Short season, shorter game.
The leaders of the big leagues will now be a pair of seven innings, the latest radical changes to baseball during the season re-formed by the coronavirus pandemic.
Major League Baseball and the players’ union reached an agreement Thursday about the new twin twins, someone familiar with the situation told The Associated Press. The person spoke on condition of anonymity because there was no official announcement.
ESPN first reported the doubleheader agreement.
Baseball is filled with examples of going back more than 100 years of major league matches that are shortened quickly due to weather, darkness or team travel schedules. But this is believed to be the first mandate in all sports to play games that are shorter than nine innings.
And, just curious: As a result of the shortened game, could the official rules be changed to allow the early throwers who throw four rounds in double players to get credit for winning?
MLB has added a designated hitter for this year’s National League match and added an automatic runner in second base to start all innings in extra. Free runners will take their place in the doubleheader game that is tied after the seventh.
The Cleveland Indians swept the Chicago White Sox earlier this week in the first doubleheader of the season. The new rules came into effect Saturday for the rest of the season – the Toronto Blue Jays were scheduled to play twinbill in Philadelphia that day, but were canceled after two Phillies staff tested positive for the virus.
There are no doubt leaders currently scheduled in the majors, although the Chicago Cubs and the Reds will try to find a way to make up for Thursday night’s rain in Cincinnati.
With a schedule of 60 compressed games that include several days off, there is a high probability that some weather doubts will be needed. A short match will be a way for clubs to preserve their pitching resources – that is the thinking behind the decision to rule extra-innings.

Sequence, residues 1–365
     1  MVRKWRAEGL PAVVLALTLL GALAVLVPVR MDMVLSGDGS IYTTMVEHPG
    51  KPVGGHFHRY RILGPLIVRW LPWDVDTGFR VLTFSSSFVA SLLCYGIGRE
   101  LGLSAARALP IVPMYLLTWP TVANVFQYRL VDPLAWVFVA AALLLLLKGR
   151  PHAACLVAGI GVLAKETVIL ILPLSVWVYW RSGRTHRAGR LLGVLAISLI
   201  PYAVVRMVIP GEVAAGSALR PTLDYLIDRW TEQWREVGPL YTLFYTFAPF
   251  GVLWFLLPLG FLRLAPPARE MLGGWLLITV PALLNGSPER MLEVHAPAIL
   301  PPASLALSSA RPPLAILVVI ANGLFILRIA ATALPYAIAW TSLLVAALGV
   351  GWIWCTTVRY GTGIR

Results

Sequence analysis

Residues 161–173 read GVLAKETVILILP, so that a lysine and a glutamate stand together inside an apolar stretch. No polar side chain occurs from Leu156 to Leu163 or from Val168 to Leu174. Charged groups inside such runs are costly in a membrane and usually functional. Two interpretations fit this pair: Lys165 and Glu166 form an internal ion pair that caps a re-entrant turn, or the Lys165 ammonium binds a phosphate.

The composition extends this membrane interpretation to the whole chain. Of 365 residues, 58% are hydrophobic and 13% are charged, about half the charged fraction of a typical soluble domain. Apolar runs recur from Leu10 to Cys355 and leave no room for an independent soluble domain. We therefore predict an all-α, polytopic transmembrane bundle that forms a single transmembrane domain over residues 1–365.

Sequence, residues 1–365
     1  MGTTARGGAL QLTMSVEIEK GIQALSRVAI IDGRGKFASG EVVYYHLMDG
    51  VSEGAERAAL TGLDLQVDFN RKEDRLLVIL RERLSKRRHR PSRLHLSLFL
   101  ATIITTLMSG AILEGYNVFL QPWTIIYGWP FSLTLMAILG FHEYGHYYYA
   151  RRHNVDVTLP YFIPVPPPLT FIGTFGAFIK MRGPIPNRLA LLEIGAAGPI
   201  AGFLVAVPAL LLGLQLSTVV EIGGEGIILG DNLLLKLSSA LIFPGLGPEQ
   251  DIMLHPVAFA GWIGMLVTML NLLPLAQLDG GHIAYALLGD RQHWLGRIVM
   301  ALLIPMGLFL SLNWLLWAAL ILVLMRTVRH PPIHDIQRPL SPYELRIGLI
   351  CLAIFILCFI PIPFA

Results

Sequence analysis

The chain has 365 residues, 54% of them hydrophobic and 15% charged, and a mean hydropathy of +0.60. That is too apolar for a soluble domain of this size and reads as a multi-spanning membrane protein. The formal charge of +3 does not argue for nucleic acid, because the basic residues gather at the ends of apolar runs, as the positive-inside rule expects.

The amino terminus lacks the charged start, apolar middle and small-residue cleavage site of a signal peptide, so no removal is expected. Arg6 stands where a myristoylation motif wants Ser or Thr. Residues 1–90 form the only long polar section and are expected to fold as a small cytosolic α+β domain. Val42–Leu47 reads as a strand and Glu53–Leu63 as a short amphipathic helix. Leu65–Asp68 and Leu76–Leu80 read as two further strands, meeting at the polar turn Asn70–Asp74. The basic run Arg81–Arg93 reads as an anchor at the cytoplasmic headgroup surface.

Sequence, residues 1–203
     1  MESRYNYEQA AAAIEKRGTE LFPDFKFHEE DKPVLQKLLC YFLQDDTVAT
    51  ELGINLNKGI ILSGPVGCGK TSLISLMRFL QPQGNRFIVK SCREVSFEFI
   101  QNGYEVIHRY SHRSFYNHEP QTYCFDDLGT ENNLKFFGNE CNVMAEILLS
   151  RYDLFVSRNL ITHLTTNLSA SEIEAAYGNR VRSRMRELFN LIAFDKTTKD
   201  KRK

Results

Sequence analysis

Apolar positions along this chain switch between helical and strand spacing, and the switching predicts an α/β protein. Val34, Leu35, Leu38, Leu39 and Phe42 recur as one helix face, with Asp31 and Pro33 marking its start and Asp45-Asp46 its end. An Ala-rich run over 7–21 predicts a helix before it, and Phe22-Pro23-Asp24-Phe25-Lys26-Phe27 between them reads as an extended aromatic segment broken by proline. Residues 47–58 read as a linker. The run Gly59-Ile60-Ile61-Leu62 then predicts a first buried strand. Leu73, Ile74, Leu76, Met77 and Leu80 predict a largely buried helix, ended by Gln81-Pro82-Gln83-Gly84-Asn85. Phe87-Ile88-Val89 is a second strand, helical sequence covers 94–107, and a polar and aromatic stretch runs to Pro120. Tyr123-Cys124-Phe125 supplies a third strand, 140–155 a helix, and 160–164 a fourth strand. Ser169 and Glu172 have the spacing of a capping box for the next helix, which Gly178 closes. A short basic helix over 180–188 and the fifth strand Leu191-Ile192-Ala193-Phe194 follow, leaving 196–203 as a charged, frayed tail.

Carrier doubts seven-innings have been commonplace for years in small leagues and colleges.
Major league players, owners and general managers have discussed this week about the possible shortening of doubleheaders. There is talk of maybe playing nine innings in the opening and seven innings on the nightcap.
“I like nine and nine, personally,” New York Yankees reliever Adam Ottavino said on Wednesday. “I don’t want to be knocked out of the game. After we go to the seven-inning game, the slope is slippery there.”
Said Los Angeles Angels manager Joe Maddon: “If the players are hesitant to pile up for whatever reason, I will want it as in an emergency plan.”
“You only accelerate what you do, just like we did with this season. So I get it from the perspective of expediency, if necessary. … I’m in for anything now. I will not speak ill of any kind of advice at this time that believers will help us get through this season, get through the playoffs and conclude, “he said.
More MLB APs: https://apnews.com/MLB and https://twitter.com/AP_Sports
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